The Florida Lottery features a number of games of chance, one of which is called Fantasy Five. The player chooses five numbers from a card containing the numbers 1 through 36. Each day five numbers are chosen at random, and if the player matches all five, the winnings can be as much as $200,000 for a $1 bet. Lottery games like this one have spawned a mini-industry looking for biases in the selection of the winning numbers. Websites post various “analyses” claiming certain numbers are “hot” and should be played. One such examination focused on the frequency of winning numbers between 1 and 12. The probability of such occurrences fits the hypergeometric distribution, where r = 12, w = 24, n = 5, and N = 36. For example, the probability that three of the five numbers are 12 or less is    12 24 3 2 60,720   = = 0.161 36 376,992 5

Notice how that compares to the observed proportion of drawings with exactly three numbers between 1 and 12. Of the 2008 daily drawings—366 of them—there were sixty-five with three numbers 12 or less, giving a relative frequency of 65/366 = 0.178. The full breakdown of observed and expected probabilities for winning numbers between 1 and 12 is given in Table 3.2.5. The naive or dishonest commentator might claim that the lottery “likes” numbers ≤ 12 since the proportion of tickets drawn with three, four, or five numbers ≤ 12 is 0.178 + 0.038 + 0.005 = 0.221

3.2 Binomial and Hypergeometric Probabilities

113

Table 3.2.5 No. Drawn ≤ 12

Observed Proportion

Hypergeometric Probability

0 1 2 3 4 5

0.128 0.372 0.279 0.178 0.038 0.005

0.113 0.338 0.354 0.161 0.032 0.002

Source: www.flalottery.com/exptkt/ff.html

This figure is in excess of the sum of the hypergeometric probabilities for k = 3, 4, and 5: 0.161 + 0.032 + 0.002 = 0.195 However, we shall see in Chapter 10 that such variation is well within the random fluctuations expected for truly random drawings. No bias can be inferred from these results. Example 3.2.7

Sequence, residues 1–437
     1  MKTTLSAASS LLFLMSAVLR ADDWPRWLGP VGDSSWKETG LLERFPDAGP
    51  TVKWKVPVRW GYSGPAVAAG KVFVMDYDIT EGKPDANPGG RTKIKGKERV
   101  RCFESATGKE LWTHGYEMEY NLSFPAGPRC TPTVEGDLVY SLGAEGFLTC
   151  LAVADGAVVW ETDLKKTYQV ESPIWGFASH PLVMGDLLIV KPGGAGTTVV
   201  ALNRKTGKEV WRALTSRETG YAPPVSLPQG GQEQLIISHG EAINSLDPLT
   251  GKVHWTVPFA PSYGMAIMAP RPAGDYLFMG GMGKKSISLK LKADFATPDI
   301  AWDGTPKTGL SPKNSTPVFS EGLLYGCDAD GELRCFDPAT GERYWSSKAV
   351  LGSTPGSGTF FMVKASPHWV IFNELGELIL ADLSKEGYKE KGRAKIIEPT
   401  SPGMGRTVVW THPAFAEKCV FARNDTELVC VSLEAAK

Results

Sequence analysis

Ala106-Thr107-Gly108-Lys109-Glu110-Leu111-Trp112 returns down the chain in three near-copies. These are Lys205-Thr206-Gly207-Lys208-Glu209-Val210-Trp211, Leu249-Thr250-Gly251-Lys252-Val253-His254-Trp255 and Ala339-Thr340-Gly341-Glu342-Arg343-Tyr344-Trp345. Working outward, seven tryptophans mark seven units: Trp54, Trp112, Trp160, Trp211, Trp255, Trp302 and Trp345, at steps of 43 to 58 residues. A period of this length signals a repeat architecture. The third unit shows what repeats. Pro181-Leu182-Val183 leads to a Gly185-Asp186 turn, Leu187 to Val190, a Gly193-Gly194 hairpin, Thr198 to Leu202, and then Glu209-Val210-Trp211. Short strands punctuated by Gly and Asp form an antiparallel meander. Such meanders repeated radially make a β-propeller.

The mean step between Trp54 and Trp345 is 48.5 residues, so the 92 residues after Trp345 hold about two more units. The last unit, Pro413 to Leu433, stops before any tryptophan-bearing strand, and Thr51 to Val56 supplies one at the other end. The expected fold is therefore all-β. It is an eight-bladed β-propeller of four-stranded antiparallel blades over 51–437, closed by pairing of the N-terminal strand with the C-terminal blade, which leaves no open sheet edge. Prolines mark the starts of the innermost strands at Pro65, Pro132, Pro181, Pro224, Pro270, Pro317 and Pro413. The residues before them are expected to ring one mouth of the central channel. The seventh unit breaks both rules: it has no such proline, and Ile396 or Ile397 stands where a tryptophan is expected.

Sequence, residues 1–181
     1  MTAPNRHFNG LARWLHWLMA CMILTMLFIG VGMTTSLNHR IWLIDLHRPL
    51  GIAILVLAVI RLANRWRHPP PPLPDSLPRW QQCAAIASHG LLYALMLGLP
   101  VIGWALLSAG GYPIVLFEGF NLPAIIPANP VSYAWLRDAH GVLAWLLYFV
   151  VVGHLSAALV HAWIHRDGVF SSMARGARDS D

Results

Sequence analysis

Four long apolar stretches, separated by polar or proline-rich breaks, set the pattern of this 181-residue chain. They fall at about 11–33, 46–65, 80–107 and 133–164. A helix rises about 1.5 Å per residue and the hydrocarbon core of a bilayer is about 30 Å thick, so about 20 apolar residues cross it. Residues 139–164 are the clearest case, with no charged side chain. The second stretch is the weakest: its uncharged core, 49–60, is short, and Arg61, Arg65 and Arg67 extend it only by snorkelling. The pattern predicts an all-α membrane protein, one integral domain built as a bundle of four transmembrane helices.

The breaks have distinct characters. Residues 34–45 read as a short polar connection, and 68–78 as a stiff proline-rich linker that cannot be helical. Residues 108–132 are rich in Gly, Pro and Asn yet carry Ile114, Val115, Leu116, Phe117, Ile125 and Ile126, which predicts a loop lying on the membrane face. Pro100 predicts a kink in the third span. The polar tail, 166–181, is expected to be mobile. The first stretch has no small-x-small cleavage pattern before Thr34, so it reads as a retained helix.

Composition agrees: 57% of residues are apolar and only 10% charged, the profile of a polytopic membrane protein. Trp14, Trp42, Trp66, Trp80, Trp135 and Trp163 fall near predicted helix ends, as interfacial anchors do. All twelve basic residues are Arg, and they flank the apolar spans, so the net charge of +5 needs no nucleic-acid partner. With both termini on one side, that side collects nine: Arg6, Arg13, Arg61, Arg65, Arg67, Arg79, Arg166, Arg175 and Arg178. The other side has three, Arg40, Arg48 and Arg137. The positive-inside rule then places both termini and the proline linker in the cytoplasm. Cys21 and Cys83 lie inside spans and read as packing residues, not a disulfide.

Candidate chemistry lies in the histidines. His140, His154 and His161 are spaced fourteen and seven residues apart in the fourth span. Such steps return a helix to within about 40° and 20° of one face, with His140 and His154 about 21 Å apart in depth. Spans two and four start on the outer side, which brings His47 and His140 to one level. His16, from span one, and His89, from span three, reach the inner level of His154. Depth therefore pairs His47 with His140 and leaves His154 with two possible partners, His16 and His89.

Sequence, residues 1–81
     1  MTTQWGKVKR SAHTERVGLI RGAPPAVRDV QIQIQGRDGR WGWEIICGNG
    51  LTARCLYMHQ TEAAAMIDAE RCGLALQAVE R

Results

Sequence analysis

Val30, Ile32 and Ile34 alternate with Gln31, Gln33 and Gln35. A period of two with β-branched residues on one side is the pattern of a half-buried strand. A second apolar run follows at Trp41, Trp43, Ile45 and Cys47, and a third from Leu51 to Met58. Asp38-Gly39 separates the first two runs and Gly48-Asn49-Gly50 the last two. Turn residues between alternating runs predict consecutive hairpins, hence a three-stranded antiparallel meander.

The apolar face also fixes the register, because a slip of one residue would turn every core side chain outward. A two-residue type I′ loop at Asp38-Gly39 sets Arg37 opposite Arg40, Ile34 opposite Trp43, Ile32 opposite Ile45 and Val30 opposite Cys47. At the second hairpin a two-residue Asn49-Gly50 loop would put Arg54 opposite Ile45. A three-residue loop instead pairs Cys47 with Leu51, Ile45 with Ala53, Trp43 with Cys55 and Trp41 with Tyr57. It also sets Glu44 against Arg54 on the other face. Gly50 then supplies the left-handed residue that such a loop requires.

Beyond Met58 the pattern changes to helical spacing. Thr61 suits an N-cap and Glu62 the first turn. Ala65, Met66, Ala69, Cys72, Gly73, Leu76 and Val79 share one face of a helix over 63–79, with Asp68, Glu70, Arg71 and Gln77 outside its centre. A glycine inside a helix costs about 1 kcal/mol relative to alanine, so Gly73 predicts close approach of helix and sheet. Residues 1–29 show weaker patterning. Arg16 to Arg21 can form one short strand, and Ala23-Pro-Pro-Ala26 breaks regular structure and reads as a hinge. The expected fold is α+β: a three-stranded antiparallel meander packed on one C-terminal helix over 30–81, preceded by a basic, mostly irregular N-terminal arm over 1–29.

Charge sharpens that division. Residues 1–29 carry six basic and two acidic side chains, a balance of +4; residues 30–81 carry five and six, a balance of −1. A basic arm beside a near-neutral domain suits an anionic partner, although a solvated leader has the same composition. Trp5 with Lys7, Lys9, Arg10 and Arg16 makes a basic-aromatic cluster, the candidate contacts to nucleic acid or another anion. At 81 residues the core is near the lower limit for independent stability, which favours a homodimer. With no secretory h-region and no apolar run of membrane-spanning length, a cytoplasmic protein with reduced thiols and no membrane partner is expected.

When a bullet is fired it becomes scored with minute striations produced by imperfections in the gun barrel. Appearing as a series of parallel lines, these striations have long been recognized as a basis for matching a bullet with a gun, since repeated firings of the same weapon will produce bullets having substantially the same configuration of markings. Until recently, deciding how close two patterns had to be before it could be concluded the bullets came from the same weapon was largely subjective. A ballistics expert would simply look at the two bullets under a microscope and make an informed judgment based on past experience. Today, however, criminologists are beginning to address the problem more quantitatively, partly with the help of the hypergeometric distribution. Suppose a bullet is recovered from the scene of a crime, along with the suspect’s gun. Under a microscope, a grid of m cells, numbered 1 to m, is superimposed over the bullet. If m is chosen large enough that the width of the cells is sufficiently small, each of that evidence bullet’s n e striations will fall into a different cell (see Figure 3.2.1a). Then the suspect’s gun is fired, yielding a test bullet, which will have a total of n t striations located in a possibly different set of cells (see Figure 3.2.1b). How might we assess the similarities in cell locations for the two striation patterns? As a model for the striation pattern on the evidence bullet, imagine an urn containing m chips, with n e corresponding to the striation locations. Now, think of the striation pattern on the test bullet as representing a sample of size n t from the evidence urn. By Theorem 3.2.2, the probability that k of the cell locations will be shared by the two striation patterns is n e m−n e  k

 mnt −k nt

Suppose the bullet found at a murder scene is superimposed with a grid having m = 25 cells, n e of which contain striations. The suspect’s gun is fired and the bullet is found to have n t = 3 striations, one of which matches the location of one of the striations on the evidence bullet. What do you think a ballistics expert would conclude?

114 Chapter 3 Random Variables Striations (total of ne) Evidence bullet 1

2

3

4

5

m (a) Striations (total of nt) Test bullet

1

2

3

4

5

m (b)

Figure 3.2.1

Intuitively, the similarity between the two bullets would be reflected in the probability that one or more striations in the suspect’s bullet match the evidence bullet. The smaller that probability is, the stronger would be our belief that the two bullets were fired by the same gun. Based on the values given for m, n e , and n t , 421

421

421

P(one or more matches) = 25 + 25 + 3250 1

2

2

3

1

3

3

= 0.42 If P(one or more matches) had been a very small number—say, 0.001—the inference would have been clear-cut: The same gun fired both bullets. But, here with the probability of one or more matches being so large, we cannot rule out the possibility that the bullets were fired by two different guns (and, presumably, by two different people).